"Do Not Eat the Owl"
Hearing Leviticus 11 as Christian Scripture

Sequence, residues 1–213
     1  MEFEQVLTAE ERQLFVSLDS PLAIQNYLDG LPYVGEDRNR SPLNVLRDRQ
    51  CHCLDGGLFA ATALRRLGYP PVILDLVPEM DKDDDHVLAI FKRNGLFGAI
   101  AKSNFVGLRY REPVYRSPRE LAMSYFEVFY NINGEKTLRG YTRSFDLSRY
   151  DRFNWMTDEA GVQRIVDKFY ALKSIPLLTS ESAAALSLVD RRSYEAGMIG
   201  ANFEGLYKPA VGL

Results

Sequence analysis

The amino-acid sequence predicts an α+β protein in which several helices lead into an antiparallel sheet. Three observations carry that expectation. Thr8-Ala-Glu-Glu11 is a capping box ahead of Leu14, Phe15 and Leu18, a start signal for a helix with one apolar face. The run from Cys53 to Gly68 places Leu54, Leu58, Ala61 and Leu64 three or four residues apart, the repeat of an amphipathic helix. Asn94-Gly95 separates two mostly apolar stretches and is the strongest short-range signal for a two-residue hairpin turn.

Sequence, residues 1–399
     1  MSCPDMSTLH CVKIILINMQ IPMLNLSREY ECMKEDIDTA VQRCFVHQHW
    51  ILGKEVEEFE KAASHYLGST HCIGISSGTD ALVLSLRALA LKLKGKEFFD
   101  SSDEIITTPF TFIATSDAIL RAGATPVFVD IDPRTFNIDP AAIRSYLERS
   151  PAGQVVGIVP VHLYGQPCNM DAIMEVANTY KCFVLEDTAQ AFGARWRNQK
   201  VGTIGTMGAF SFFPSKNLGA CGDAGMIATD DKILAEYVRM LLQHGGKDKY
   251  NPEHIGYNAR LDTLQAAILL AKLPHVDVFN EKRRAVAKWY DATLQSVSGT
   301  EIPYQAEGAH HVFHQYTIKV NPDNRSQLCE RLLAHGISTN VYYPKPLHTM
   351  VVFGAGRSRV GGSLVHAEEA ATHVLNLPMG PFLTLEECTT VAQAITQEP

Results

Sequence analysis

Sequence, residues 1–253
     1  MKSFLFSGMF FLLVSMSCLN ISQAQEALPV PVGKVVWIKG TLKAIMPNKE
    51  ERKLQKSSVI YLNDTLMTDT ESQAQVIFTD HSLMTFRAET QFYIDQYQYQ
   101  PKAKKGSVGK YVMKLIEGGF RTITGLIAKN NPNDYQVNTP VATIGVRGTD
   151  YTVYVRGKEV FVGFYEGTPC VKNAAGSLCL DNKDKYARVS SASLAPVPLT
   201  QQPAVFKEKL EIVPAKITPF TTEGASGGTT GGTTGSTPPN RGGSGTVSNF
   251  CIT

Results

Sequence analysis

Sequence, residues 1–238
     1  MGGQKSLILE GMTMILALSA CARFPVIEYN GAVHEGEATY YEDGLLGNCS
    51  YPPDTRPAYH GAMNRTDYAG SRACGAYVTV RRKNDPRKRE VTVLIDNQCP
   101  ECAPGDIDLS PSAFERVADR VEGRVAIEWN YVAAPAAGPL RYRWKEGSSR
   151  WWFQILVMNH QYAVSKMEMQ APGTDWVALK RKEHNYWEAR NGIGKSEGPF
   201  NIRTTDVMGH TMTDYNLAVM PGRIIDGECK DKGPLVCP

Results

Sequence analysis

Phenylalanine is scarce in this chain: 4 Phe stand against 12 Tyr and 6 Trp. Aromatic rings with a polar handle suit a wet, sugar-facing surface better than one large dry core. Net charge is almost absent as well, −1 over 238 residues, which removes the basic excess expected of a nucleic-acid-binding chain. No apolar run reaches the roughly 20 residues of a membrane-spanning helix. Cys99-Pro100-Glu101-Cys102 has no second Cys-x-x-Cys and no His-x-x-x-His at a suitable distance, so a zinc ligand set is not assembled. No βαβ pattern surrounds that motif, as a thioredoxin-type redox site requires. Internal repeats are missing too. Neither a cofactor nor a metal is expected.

Christian appropriation of OT legal material is a perennial crux interpretum. Evident, is a spectrum of approaches, from Marcion-like dismissal on the one hand through to theonomist appeals for re-enactment on the other. Within Western Christianity, the Reformation served to enshrine one approach in particular: a threefold division of the Law that distinguished between civil, ceremonial, and moral commands. However, while undoubtedly neat, such compartmentalization is highly problematic and has resulted in a myopic view of OT legal material. Leviticus 11 is a case in point. While regulations regarding the eating and touching of (un)clean animals remain determinedly central to Judaism, Christian tradition since the early church has sidelined the pericope with equal determination. Even though the Reformation sparked a renewed interest in the reading of Scripture, the designation (and, arguably, dismissal) of Leviticus 11 as “ceremonial” merely served to perpetuate a lacuna regarding the enduring relevance of this text as Christian Scripture. In this article I tease out how Leviticus 11 might be better appropriated by employing tools derived from the fields of speech act theory and intertextuality. These tools allow for greater precision in describing what Leviticus 11 as a text is doing. It becomes apparent that while some illocutions performed by Leviticus 11 are supervened when read in light of the NT, other illocutions persist. These illocutions may be legitimately appropriated by Christian readers of the text with benefits for both faith and practice.